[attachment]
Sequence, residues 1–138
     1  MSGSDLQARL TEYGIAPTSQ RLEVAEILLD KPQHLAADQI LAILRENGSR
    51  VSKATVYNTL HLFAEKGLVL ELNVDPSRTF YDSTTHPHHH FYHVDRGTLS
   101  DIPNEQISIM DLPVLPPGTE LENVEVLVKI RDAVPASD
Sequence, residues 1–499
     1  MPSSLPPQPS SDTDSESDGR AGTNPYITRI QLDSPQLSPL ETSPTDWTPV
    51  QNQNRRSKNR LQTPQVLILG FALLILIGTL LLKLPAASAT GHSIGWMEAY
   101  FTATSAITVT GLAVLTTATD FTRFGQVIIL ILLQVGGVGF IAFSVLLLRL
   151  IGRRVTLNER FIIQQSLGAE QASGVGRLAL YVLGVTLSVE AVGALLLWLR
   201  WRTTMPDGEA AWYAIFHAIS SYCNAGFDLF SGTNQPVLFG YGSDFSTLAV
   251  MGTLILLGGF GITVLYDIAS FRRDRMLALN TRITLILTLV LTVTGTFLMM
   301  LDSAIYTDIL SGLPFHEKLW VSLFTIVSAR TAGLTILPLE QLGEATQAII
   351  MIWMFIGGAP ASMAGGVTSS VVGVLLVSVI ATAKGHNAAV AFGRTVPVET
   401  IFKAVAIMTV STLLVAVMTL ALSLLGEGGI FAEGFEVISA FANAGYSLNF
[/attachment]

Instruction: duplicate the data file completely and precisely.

Sequence, residues 1–138
     1  MSGSDLQARL TEYGIAPTSQ RLEVAEILLD KPQHLAADQI LAILRENGSR
    51  VSKATVYNTL HLFAEKGLVL ELNVDPSRTF YDSTTHPHHH FYHVDRGTLS
   101  DIPNEQISIM DLPVLPPGTE LENVEVLVKI RDAVPASD
Sequence, residues 1–499
     1  MPSSLPPQPS SDTDSESDGR AGTNPYITRI QLDSPQLSPL ETSPTDWTPV
    51  QNQNRRSKNR LQTPQVLILG FALLILIGTL LLKLPAASAT GHSIGWMEAY
   101  FTATSAITVT GLAVLTTATD FTRFGQVIIL ILLQVGGVGF IAFSVLLLRL
   151  IGRRVTLNER FIIQQSLGAE QASGVGRLAL YVLGVTLSVE AVGALLLWLR
   201  WRTTMPDGEA AWYAIFHAIS SYCNAGFDLF SGTNQPVLFG YGSDFSTLAV
   251  MGTLILLGGF GITVLYDIAS FRRDRMLALN TRITLILTLV LTVTGTFLMM
   301  LDSAIYTDIL SGLPFHEKLW VSLFTIVSAR TAGLTILPLE QLGEATQAII
   351  MIWMFIGGAP ASMAGGVTSS VVGVLLVSVI ATAKGHNAAV AFGRTVPVET
   401  IFKAVAIMTV STLLVAVMTL ALSLLGEGGI FAEGFEVISA FANAGYSLNF